"I'm fixing my kitchen right now,'' Murchison said. "I'm not going to pay a guy $5,000 for 'D work'.''
Instead of requiring high school students to pass a graduation exam, Delaware decided to award three levels of diplomas: basic, standard and distinguished. The levels are based on students' performance on state reading, math and writing tests given in 10th grade. Some 52 percent of students are in line for only a basic diploma, 40 percent for standard and only 8 percent for distinguished.Now while I disagree with the basis they are using for this distinction (basing it upon a single test at a single point in their education is foolish), the reaction to it has instead focused on the mere fact that they are daring to make such distinctions between students:
"Eventually, with a good study, they will find it furthers the aura of separation of these kids when, ultimately, you want them to feel that they are just as good as their counterparts," said Hector Figueroa, education director for the Urban League...
This, dear readers, is a recipe for inculcating mediocrity and failure among our youth. If they can't meet the standards, we'll just lower the standards so they'll feel good about themselves. Has it ever occured to these people that in the real world, there is no such desire to make sure everyone feels good about themselves despite their lack of ability or effort? Any business owner who evaluated their employees with more concern for their self-esteem than for their ability or willingness to do the job would quickly find himself out of business. So rather than preparing students for later success, the self-esteem fetishists are intent on insulating them from reality.
Robert Andrzejewski, head of the Red Clay school district, said the system will not motivate students as legislators insisted it would.
"One of the worst things you can do to kids with low self-esteem, who are often of low-income anyway, is show them failure," he said. "So many of those students have experienced failure in their lives and there comes a point when they decide they have to save face for themselves, and, unfortunately, that may mean they drop out."
Allowing these people anywhere near educational policy is a huge mistake. They are clearly incapable of distinguishing what they wish to be true from what is true. Truth is that which does not change just because you want it to. And no matter how much they may desire to live in Lake Wobegon (where all the students are above average), that's still a fictional place. If you're really worried about self-esteem, then challenge the students. When they work hard to meet that challenge and succeed, their self-esteem will soar. You get self-esteem from accomplishment, not from adults lying to you and telling you you're just as good as those who work harder than you, or are more talented in that area than you are.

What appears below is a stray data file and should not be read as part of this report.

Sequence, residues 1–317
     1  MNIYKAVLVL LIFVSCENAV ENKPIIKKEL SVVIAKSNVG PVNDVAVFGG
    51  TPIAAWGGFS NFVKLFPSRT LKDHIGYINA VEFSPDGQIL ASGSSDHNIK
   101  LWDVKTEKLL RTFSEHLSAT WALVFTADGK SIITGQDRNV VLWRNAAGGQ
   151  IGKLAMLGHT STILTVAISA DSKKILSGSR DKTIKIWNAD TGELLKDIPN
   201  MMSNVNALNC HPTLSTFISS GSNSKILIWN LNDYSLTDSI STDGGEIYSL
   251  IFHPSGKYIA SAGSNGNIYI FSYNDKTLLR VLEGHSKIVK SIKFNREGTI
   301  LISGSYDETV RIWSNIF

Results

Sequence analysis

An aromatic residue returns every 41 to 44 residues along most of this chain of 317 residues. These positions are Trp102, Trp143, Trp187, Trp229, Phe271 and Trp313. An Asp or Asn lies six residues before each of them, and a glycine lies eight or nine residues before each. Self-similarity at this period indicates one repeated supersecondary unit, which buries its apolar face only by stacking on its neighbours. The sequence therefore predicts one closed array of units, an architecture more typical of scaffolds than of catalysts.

In my experience, the quality of education is bad enough for those who are getting good grades. I went to what was allegedly one of the best public schools in the state of Michigan. The one thing that I left with was a sense of the pervasive mediocrity that infused virtually every aspect of that school system. In 4 years of college prep work, I had a total of two really good teachers. Two teachers who actually had passion for the subject they taught and who both inspired and challenged their students. The rest appeared to be just putting in their time waiting for summer vacation. Unfortunately, even for those few really good teachers, the bulk of students generally cared only about making sure they had memorized the right things for the test, with little thought to whether they actually understood the subject. Technical proficency, not real education, was the goal in which the bulk of teachers and students were co-consipirators.
In my high school, there were only two required courses for seniors, government and economics. Government was taught by the basketball coach, economics by the baseball coach. In the government class, we watched a lot of filmstrips and movies. I recall the government teacher/jock in charge not knowing that James Madison had originally opposed a bill of rights and telling me I was wrong when I mentioned it in a class discussion. I also recall having to explain to the econ teacher what an econometric formula was. And this school had, as I recall, the third highest state test scores in the state at the time for public schools. And for crying out loud, this was 19 years ago. It's even worse today. There has to be an end somewhere. At some point, we have to stop this snowball of mediocrity and demand that the schools do their job.
Ed Brayton | 12:41 PM | | | Permalink